The Iowa House approved legislation to outlaw so-called “vaccine passports” Wednesday after first voting down a proposal to eliminate an exclusion for health care facilities.
“Fundamentally, this a liberty issue,” Rep. Steven Holt, R-Denison, who floor-managed the bill, said.
The bill forbids the state or local governments from creating a document certifying a person has been vaccinated against the COVID-19 vaccine. It also would bar businesses or other public venues from excluding unvaccinated people from admission.
The bill excludes health care facilities such as hospitals and nursing homes and it also does not prevent an employer from requiring vaccination of employees who don’t assert a medical or religious objection.
Rep. Jeff Shipley, R-Birmingham, worked to eliminate those exceptions with several amendments, all of which failed.
“The corporations and the governments that are unrolling this are using it as a tool to control their people to control their movement to control their access to civil society,” Shipley said.
He argued that health care facilities such as hospitals or nursing homes might try to prevent unvaccinated people from visiting loved ones. “And that’s why I believe that’s an atrocious violation of human liberty, that your medical freedom could be sacrificed as a condition for wanting to visit a loved one in a health care setting,” he said.
Holt argued health facilities need the ability to follow guidance from the U.S. Centers for Disease Control and Prevention. He said he did not believe health-care facilities would prevent unvaccinated people from visiting and they are legally required to provide care and protect patient privacy. But, he said, being able to ask who was vaccinated would allow facilities to set up protocols such as requiring masks or limiting a visitors’ movements in a facility to protect against the spread of infection.
“I do not see this exception as condoning a vaccine passport, but rather giving our health care facilities the flexibility they need to protect our most vulnerable citizens,” he said.
Holt acknowledged the question of whether employers can require workers to be vaccinated presented an uncomfortable dilemma for Republicans.
“Does an employer have a right to decide in their business how they’re going to handle this for their employees? That’s the conflict,” he said. “I’m very uncomfortable with big corporations saying you have to have the vaccine or you don’t work here and the implications of that for workers.”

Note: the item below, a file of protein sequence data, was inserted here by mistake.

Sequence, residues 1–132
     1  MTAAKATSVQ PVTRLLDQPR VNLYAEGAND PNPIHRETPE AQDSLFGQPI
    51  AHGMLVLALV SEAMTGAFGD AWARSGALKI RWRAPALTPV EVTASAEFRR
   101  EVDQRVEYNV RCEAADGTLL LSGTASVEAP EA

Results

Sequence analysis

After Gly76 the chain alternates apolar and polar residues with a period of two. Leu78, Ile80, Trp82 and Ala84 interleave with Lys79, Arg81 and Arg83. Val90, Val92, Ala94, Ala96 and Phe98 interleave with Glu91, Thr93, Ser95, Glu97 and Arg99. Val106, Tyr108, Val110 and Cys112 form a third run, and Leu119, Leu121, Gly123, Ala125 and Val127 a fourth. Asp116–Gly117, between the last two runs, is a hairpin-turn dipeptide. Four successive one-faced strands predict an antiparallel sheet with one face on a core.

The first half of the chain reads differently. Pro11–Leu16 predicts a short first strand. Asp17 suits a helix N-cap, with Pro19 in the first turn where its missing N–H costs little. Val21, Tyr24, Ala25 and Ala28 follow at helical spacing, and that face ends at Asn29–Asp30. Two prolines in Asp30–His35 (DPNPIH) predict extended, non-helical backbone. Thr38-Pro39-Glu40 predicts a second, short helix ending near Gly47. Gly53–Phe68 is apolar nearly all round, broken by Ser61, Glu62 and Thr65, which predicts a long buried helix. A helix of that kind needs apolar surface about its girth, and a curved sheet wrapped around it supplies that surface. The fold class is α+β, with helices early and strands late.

Hold said he believes the “free market” and shortage of workers will discourage employers from excluding potential employees who choose not to be vaccinated. He said lawmakers could revisit the issue if they see problems.
House File 889, which was sponsored by the majority leaders in the House and Senate, has been on a fast track in the Legislature since it was introduced last Friday. A House Judiciary subcommittee and the full committee met Monday to vote the bill to the floor.
The Senate Commerce Committee approved a companion bill, Senate File 610, Tuesday on an 11-4 vote. The bill still needs final approval in the full Senate in the final days of the session.
Gov. Kim Reynolds said earlier Wednesday she would continue to work with lawmakers on the language of the bill, without specifically referencing the exemption for health care facilities.
Here are key provisions of House File 889:
- It would prohibit information on any state or local government identification card showing whether a person has been vaccinated against COVID-19.
- Businesses or governmental entities could not require proof of vaccination against COVID-19 of anyone who is invited onto the premises. The bill does not specifically address employees.
- Businesses or governmental entities that violate this law would be ineligible for grants or contracts funded with state revenue.
- Health care facilities that are exempt from the legislation include hospitals, licensed inpatient centers, ambulatory surgical or treatment centers, diagnostic laboratory and imaging centers, skilled nursing centers, residential treatment centers, rehabilitation and other therapeutic centers, adult day care centers, and intermediate care facilities for persons with mental illness and persons with intellectual disabilities.
- Businesses and other entities would still be allowed to conduct a COVID-19 screening protocol that does not involve requiring proof of vaccination.